Award for Rehabilitation Research for the joint project involving Lübeck, Bielefeld, and Witten/Herdecke – Particular Deficiencies for People with a Migrant Background.
For their research on the expectations that people with a migrant background have regarding healthcare treatment, two social medicine experts from Lübeck, along with their project partners from the Universities of Bielefeld and Witten/Herdecke, received this year’s Award for Rehabilitation Research from the North Rhine-Westphalia Association for Rehabilitation Sciences. The award was presented on 17 April 2019 as part of the Rehabilitation Sciences Colloquium in Berlin. Prof. Dr. Ruth Deck, Head of Rehabilitation at the Institute of Social Medicine and Epidemiology at the University of Lübeck and the University Medical Center Schleswig-Holstein, Campus Lübeck, and Dr. Jana Langbrandtner, a Lübeck-based researcher in the field, were involved in the joint project.
Although people with a migrant background sometimes have a greater need for rehabilitation, they are less likely to avail of treatment than people without a migrant background, while those who do avail of treatment often show worse results than the rest of the population. The researchers from Lübeck, Bielefeld, and Witten/Herdecke examined the reasons for this and took a particularly close look at the issue of expectations regarding treatment.
As part of the project “Expectations of people with a migrant background regarding treatment, and the possibility of considering these expectations in medical rehabilitation” (VeReMi), the researchers conducted surveys with GPs, patients, and healthcare employees at rehabilitation institutions, and also carried out interviews at orthopaedic institutions. All the information was gathered in North Rhine-Westphalia and Schleswig-Holstein. The project was financed by the German Pension Authority (DRV) and the German Society of Rehabilitation Research in Hamburg, Mecklenburg-Vorpommern and Schleswig-Holstein (vffr).
“In order to remove barriers and improve access to medical rehabilitation, the migrant-sensitive management of information is particularly important,” says Prof. Dr. Ruth Deck. “We identified major deficiencies in this area.” People with a migrant background who know relatively little about medical rehabilitation went to the rehabilitation institution with various and often false expectations, were then disappointed, and struggled to commit to individual therapies. Another contributory factor is that the doctors treating the patients are often insufficiently or poorly informed about medical rehabilitation. “A finding that we already recognise from previous studies,” says Prof. Deck. A homepage for resident doctors (www.rehainfo-aerzte.de) aims to provide assistance.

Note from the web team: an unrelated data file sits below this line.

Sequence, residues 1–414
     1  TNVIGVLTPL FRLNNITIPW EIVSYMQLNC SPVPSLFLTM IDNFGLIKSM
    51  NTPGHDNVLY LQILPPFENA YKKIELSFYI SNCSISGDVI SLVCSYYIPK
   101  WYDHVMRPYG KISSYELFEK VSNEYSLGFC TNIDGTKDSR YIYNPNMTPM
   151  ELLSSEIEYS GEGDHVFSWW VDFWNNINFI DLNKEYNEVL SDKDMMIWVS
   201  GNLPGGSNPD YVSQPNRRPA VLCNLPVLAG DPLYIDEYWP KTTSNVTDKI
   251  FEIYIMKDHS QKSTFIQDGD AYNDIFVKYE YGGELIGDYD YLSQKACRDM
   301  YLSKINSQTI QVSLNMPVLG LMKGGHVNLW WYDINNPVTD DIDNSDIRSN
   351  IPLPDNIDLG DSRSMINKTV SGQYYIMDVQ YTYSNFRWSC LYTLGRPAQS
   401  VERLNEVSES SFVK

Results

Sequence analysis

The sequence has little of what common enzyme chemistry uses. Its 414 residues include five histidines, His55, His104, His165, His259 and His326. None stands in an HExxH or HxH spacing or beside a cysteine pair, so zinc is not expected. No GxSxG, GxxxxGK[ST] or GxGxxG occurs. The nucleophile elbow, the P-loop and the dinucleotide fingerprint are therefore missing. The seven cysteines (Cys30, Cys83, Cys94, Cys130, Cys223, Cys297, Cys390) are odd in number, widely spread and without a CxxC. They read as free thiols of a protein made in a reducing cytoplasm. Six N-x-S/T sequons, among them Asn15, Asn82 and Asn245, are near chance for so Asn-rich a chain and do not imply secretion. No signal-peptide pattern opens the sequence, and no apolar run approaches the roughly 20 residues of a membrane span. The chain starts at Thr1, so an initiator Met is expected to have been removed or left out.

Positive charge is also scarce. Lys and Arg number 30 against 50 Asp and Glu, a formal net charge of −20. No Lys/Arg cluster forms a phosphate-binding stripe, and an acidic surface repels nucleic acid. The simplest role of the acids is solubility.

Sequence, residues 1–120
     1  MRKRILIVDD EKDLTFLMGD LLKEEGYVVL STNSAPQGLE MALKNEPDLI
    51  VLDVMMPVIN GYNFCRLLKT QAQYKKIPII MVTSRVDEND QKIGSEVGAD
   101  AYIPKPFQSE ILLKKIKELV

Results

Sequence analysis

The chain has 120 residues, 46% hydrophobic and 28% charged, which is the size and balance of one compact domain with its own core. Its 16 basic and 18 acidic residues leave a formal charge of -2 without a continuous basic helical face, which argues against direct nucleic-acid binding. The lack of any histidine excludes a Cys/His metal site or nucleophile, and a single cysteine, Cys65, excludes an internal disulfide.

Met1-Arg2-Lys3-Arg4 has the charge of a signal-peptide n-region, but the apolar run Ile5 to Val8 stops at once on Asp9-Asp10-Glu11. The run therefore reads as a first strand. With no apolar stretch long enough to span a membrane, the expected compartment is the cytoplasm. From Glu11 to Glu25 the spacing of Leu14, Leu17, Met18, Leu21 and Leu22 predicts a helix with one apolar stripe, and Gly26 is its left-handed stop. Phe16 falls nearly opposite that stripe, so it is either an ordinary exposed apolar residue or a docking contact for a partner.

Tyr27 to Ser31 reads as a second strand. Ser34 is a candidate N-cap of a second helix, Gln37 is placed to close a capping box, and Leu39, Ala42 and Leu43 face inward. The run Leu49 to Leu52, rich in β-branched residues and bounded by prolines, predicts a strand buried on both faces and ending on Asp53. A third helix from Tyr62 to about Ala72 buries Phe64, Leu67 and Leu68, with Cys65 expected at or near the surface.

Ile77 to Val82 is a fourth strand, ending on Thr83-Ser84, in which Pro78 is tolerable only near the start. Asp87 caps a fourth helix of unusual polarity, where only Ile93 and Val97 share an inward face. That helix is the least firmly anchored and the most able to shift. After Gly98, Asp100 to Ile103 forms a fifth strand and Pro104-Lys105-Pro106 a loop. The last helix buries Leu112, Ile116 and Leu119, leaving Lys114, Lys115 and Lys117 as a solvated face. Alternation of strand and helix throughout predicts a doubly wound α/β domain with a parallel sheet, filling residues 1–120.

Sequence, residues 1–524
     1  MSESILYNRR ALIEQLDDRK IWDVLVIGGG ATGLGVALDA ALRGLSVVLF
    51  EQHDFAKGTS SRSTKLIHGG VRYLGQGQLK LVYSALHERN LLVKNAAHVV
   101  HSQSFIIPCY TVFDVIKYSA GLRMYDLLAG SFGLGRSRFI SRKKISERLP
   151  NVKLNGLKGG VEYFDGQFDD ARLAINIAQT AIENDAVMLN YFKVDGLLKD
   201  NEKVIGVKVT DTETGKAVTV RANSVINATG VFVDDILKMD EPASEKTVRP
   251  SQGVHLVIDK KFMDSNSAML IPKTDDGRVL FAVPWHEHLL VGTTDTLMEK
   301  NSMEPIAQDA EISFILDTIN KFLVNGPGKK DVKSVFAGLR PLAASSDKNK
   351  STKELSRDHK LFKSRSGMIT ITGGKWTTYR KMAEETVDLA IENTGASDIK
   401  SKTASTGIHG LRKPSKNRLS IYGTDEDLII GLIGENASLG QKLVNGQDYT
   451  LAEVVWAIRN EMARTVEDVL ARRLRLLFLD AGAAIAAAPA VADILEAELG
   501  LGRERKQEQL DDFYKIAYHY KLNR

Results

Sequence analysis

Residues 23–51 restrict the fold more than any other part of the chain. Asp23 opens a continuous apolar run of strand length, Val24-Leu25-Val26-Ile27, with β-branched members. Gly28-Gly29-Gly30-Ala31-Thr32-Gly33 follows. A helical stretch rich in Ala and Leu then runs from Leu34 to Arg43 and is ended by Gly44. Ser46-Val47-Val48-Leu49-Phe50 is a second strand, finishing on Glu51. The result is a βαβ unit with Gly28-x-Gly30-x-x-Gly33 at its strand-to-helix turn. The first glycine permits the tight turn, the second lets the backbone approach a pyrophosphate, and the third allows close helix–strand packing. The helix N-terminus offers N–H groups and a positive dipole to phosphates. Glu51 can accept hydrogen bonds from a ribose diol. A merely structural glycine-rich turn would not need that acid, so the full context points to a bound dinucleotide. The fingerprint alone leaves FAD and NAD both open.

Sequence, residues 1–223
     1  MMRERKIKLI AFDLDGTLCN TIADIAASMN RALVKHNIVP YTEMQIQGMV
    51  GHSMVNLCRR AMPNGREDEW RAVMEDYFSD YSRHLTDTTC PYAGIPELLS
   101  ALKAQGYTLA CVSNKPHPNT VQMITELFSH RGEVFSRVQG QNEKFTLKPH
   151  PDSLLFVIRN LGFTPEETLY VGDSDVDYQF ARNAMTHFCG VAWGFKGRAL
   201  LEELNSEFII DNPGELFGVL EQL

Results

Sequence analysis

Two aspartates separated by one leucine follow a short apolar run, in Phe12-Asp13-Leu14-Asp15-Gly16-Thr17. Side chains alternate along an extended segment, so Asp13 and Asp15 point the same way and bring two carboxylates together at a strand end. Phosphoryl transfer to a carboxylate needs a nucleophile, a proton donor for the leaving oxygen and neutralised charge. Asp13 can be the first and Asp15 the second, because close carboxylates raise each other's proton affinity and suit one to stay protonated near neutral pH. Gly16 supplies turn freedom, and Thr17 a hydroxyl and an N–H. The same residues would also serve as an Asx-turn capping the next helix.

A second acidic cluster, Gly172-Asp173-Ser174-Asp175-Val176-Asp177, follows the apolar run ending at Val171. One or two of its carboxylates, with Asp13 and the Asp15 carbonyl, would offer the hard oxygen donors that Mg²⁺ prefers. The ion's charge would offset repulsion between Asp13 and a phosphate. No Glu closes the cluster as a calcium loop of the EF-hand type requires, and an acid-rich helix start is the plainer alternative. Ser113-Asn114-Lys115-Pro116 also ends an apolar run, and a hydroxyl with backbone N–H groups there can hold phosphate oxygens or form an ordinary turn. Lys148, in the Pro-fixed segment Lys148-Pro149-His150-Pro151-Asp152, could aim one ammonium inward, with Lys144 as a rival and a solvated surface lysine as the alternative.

The websites of the rehabilitation institutions themselves would also be a relatively easy way to bridge the lack of information on the part of all those involved. “However, few organisations already offer information about migrant-sensitive treatment on their websites,” explains Dr. Jana Langbrandtner, who examined the websites in question. “The aim should therefore be to offer easily comprehensible, straightforward, and needs-focused information that reduces the fears and uncertainties that people with a migrant background have regarding rehabilitation, while also promoting realistic expectations concerning treatment.”
The reasons why fewer people with a migrant background make use of rehabilitation as well as other, preventative measures, can be traced above all to the barriers to access that they encounter in the health system. These barriers include insufficient knowledge of the German language, a lack of information, as well as cultural needs and expectations that rehabilitation institutions do not give sufficient consideration to. To overcome these challenges, the project partners say that it is necessary to organise healthcare treatment, including rehabilitation, in a more diversity-friendly way.
Possible measures for dealing with the problem include training and seminars that help healthcare staff to be more aware of the diversity of their patients, not only with regard to their migrant background, but also concerning aspects such as age, gender, and socio-economic status. Furthermore, it is recommended that information be made available in various languages or, even better, via various media, irrespective of language.
The project results also show that institutions consider greater focus on diversity to be important. At the same time, a lack of financial resources and organisational problems are mentioned as factors that prevent implementation of appropriate treatment. Institutions therefore need structural and organisational support to surmount these obstacles.